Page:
Down south in London and thereabouts, most of the inhabitants have little appreciation of The North. They probably think of our great northern cities as sprawling, smoky hives of industry. Places where men wear flatcaps and walk whippets along cobbled streets while women peg washing on clothes lines strung between endless terraces of cramped houses and barefoot children play hopscotch or aimlessly kick balls against walls.
But UpNorth has delicious secrets.
Take this city for example - Sheffield. Once it was the world's biggest producer of steel. In the nineteenth century, its population grew from 46,000 to 350,000 as workers flooded in to work in the foundries, factories and finishing shops. But throughout that expansion the western outskirts of the city remained as beautiful as they are today.
Just a stone's throw away there are farms, babbling brooks, green valleys, drystone walls, wooded hilltops and country lanes that lead to wild moorland where grouse cackle and falcons soar. If you live in Sheffield it's easy to get away from things and be in Nature's soothing company. To reach such countryside would be a major mission for Londoners - involving long car journeys or public transport. But here in Sheffield it's right on our doorstep.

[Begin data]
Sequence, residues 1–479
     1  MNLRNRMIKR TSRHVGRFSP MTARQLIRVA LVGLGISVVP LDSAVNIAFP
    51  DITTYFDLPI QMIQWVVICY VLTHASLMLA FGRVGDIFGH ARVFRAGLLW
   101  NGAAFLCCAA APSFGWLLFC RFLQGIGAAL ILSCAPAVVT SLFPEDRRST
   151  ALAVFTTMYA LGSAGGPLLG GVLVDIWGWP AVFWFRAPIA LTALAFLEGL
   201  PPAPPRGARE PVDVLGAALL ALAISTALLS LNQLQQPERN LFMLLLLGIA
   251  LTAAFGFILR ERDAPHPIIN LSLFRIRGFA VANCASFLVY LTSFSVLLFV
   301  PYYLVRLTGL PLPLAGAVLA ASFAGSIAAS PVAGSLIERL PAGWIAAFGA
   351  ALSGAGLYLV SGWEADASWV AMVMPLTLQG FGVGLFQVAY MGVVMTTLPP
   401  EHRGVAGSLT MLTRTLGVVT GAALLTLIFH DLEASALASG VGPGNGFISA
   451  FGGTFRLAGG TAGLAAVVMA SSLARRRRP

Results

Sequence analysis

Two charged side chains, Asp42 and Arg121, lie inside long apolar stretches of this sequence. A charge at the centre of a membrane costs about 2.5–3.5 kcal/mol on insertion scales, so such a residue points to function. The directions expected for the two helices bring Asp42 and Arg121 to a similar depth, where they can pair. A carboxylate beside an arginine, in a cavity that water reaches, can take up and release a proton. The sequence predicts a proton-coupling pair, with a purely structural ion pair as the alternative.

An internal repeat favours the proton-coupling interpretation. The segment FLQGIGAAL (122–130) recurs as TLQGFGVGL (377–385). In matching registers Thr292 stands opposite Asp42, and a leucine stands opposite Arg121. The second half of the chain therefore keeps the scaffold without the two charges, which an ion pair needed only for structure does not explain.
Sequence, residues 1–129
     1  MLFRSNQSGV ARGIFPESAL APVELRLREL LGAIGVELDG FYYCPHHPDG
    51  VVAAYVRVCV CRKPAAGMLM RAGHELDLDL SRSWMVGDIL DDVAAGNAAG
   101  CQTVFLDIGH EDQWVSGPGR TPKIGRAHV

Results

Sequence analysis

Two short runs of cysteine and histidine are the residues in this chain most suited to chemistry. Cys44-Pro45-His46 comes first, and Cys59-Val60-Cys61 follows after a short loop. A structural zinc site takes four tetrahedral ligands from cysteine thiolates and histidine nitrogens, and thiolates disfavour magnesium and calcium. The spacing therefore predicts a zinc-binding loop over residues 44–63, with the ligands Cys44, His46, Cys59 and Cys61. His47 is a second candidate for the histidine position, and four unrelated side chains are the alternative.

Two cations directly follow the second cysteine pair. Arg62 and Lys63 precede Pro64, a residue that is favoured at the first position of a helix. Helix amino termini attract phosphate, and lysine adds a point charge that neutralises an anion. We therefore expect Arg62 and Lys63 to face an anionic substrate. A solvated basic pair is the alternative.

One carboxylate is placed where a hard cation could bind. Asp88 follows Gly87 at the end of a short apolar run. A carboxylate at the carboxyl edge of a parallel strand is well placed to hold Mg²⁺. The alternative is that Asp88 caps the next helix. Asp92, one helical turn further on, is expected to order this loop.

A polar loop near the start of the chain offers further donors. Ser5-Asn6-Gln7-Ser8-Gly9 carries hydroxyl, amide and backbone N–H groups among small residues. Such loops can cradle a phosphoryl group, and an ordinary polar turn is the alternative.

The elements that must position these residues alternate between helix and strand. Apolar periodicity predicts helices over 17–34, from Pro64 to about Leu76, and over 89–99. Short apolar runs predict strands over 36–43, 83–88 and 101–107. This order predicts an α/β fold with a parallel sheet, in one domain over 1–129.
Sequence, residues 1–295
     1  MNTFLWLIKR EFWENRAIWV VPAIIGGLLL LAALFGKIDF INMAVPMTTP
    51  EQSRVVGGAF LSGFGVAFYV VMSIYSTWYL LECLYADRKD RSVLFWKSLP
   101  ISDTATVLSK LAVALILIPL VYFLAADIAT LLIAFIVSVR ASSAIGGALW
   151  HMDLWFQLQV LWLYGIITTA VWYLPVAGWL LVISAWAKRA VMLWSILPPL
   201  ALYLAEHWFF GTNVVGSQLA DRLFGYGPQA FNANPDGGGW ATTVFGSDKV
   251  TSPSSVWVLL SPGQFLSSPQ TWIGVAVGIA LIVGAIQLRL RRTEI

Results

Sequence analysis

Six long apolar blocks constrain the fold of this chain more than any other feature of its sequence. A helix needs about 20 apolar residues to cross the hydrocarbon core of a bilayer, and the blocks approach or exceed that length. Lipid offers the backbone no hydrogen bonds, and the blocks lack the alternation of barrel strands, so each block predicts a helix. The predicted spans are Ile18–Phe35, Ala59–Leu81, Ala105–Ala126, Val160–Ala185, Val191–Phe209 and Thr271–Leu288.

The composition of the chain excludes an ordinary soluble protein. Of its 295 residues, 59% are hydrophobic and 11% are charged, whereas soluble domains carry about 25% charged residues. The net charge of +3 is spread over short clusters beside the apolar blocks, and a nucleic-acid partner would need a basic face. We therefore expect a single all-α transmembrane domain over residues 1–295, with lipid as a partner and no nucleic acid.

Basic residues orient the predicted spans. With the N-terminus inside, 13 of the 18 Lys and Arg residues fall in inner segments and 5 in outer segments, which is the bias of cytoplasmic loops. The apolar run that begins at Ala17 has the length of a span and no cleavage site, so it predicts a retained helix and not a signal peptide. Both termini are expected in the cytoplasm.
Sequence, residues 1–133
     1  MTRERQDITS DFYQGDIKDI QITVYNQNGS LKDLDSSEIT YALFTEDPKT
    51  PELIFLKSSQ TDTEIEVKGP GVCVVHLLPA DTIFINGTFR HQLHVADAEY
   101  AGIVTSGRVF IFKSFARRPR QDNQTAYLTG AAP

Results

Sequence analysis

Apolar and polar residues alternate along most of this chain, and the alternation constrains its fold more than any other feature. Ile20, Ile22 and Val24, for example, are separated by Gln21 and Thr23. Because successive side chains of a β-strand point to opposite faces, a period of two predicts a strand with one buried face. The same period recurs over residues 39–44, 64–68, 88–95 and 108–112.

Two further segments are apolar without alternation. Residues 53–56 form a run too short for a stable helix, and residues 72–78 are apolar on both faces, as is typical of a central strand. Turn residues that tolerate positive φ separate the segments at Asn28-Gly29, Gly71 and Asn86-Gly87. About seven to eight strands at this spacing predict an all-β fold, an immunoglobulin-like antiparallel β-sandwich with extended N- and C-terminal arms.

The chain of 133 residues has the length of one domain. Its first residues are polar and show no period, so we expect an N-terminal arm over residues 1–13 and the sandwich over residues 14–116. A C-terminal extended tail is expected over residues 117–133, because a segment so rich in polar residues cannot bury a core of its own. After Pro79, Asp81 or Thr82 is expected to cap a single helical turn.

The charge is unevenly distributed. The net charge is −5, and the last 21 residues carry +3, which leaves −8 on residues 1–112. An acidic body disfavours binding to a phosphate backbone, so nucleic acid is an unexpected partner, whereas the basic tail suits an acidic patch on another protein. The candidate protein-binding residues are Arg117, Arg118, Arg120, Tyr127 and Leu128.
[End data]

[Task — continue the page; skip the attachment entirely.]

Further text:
For your interest, here's a list of the city's western districts - Whirlow, Bents Green, Ecclesall, Fulwood, Crosspool, Lodge Moor, Nether Green, Broomhill, Loxley, Stannington and Middlewood. They all lead to the delightful outskirts of the city - sometimes referred to as Sheffield's "golden frame".
The pictures were taken yesterday by your faithful correspondent on Brown Hills Lane just beyond Fulwood.